8 Biggest Container Fails

Discover the common pitfalls gardeners make when planting container gardens.

Photo By: Image courtesy of ProvenWinners.com

©2011, Dorling Kindersley Limited

Photo By: Julie Martens Forney

Photo By: Julie Martens Forney

Balanced and Beautiful

A classic urn container dazzles with a planting that shows balanced design, contrasting texture and eye-pleasing color combinations. But not every container garden turns out this glorious. Learn about the typical mistakes gardeners make when designing container gardens—so you can avoid creating the same problems in your own plantings.

Opposites Don’t Attract

When choosing plants for your container gardens, make sure they demand the same growing conditions in terms of light and moisture. This container has sun-loving canna lilies paired with shade-craving impatiens. That’s a combination that won’t shine as the growing season unfolds.

Container Garden With Shrub

New dwarf shrub varieties can grow in containers, provided the pot has a large space for roots. In this container combination, a dwarf dark leaf weigela and a chartreuse sweet potato vine will assuredly overtake and likely kill the Mexican heather and geranium. This container garden would have been better off planted in two pots.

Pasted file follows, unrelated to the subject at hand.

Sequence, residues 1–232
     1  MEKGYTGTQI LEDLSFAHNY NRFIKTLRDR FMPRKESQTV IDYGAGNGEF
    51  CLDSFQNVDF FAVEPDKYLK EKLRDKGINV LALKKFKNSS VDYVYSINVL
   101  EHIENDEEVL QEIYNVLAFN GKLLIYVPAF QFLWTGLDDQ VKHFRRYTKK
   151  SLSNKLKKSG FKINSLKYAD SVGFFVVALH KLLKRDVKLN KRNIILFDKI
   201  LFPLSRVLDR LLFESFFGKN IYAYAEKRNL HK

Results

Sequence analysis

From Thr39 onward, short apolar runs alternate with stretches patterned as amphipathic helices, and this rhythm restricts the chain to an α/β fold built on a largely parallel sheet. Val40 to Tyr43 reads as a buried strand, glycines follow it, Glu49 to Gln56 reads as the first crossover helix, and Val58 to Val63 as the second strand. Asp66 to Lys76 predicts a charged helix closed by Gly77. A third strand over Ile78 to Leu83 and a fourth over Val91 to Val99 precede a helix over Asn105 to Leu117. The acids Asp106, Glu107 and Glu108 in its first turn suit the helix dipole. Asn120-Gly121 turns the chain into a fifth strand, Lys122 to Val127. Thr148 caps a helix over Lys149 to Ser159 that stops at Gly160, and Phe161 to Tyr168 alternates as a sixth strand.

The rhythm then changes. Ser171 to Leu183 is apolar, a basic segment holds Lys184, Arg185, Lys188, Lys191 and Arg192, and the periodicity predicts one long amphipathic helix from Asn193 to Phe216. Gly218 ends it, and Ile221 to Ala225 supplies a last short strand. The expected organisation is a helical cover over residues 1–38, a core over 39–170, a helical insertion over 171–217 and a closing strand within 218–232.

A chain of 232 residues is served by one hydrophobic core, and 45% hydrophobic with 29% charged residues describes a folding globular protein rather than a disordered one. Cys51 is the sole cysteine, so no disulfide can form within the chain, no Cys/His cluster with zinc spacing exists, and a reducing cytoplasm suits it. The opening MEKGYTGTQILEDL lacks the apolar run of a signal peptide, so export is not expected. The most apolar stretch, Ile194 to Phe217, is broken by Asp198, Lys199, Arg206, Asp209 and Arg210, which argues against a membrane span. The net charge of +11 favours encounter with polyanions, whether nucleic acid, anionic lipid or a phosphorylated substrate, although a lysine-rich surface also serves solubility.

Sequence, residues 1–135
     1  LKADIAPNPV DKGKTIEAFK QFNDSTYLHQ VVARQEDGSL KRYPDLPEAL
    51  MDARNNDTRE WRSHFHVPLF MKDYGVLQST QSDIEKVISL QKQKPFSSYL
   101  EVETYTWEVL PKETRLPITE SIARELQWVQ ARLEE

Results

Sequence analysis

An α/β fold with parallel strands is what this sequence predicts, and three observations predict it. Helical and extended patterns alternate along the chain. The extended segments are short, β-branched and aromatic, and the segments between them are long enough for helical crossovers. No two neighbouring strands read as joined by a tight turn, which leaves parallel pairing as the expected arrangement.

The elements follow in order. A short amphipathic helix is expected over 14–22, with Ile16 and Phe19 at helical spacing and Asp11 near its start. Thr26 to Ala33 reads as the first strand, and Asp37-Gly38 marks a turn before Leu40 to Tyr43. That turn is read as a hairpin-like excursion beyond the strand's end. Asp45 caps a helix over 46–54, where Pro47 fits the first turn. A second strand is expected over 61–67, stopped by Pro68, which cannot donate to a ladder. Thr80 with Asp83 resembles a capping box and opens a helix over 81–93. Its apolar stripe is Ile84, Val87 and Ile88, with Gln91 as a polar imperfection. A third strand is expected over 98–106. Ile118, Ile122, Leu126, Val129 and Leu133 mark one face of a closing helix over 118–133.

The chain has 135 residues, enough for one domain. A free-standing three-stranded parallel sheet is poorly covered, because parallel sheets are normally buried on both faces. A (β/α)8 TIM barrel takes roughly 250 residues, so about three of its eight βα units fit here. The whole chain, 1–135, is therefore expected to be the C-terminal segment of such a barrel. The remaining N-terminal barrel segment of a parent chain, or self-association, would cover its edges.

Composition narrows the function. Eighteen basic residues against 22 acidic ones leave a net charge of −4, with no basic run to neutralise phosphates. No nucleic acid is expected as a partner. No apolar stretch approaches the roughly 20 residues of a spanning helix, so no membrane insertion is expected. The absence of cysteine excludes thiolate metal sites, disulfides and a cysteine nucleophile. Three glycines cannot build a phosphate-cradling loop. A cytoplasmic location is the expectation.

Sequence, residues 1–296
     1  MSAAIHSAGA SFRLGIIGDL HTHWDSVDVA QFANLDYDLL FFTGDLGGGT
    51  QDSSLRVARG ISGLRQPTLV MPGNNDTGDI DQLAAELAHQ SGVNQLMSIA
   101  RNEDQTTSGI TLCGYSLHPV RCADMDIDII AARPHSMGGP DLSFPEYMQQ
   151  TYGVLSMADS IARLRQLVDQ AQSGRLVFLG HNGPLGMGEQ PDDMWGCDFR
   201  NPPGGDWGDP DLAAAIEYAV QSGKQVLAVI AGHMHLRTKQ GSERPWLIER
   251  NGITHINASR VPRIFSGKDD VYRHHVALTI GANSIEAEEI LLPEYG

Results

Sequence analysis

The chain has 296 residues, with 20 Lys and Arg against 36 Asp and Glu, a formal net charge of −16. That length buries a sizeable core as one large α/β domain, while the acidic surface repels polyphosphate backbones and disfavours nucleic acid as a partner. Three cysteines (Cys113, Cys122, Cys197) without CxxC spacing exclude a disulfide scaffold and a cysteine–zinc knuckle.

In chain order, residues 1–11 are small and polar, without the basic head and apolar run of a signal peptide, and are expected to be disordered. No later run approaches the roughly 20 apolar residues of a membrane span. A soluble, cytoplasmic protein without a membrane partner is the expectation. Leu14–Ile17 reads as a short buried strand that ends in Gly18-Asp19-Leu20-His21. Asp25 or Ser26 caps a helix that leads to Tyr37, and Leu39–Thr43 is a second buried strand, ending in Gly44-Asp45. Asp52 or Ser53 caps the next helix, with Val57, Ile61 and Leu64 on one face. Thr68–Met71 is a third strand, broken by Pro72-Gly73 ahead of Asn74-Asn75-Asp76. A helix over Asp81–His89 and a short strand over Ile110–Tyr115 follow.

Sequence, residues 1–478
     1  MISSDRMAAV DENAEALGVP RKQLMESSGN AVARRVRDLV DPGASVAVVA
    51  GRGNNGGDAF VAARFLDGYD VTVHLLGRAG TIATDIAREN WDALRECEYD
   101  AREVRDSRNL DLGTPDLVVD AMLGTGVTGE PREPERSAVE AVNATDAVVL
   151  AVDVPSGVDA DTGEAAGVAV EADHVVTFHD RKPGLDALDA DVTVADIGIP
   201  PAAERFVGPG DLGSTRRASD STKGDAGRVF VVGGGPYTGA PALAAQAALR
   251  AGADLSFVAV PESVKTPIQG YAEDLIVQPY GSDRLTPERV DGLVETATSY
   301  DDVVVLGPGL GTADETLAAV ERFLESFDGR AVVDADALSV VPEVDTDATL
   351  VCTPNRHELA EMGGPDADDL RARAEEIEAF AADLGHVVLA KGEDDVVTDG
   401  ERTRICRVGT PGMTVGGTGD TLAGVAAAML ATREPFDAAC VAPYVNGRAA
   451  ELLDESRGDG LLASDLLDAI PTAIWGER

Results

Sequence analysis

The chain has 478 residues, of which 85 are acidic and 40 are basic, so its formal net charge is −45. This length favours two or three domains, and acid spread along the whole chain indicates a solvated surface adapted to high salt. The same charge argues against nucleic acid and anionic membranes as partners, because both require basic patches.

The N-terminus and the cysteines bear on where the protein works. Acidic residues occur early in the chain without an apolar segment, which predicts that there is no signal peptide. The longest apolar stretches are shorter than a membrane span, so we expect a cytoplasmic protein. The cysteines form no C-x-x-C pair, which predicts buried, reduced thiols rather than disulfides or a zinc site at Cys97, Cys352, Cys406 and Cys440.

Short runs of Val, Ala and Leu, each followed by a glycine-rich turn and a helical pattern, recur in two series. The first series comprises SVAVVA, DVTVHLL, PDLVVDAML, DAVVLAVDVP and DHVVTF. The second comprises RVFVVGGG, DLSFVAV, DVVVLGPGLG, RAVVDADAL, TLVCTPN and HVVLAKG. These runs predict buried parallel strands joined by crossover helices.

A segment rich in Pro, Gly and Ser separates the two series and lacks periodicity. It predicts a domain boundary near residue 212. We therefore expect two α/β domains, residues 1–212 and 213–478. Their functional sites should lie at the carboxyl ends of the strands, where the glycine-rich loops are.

Keep Plants in Scale With Your Pot

When choosing plants for a pot, the mature height of the tallest plant in the combination should equal roughly 1.5 times the height of the container. These calla lilies are just a smidge too tall for this large pot.

Overplanted Container Garden

This tub planter has plenty of root room for the ‘Tiny Wine’ ninebark shrub, but only two of the remaining plants are needed. By season’s end, the shrub will overrun most of this container, shading other plants and taking all the moisture out of soil.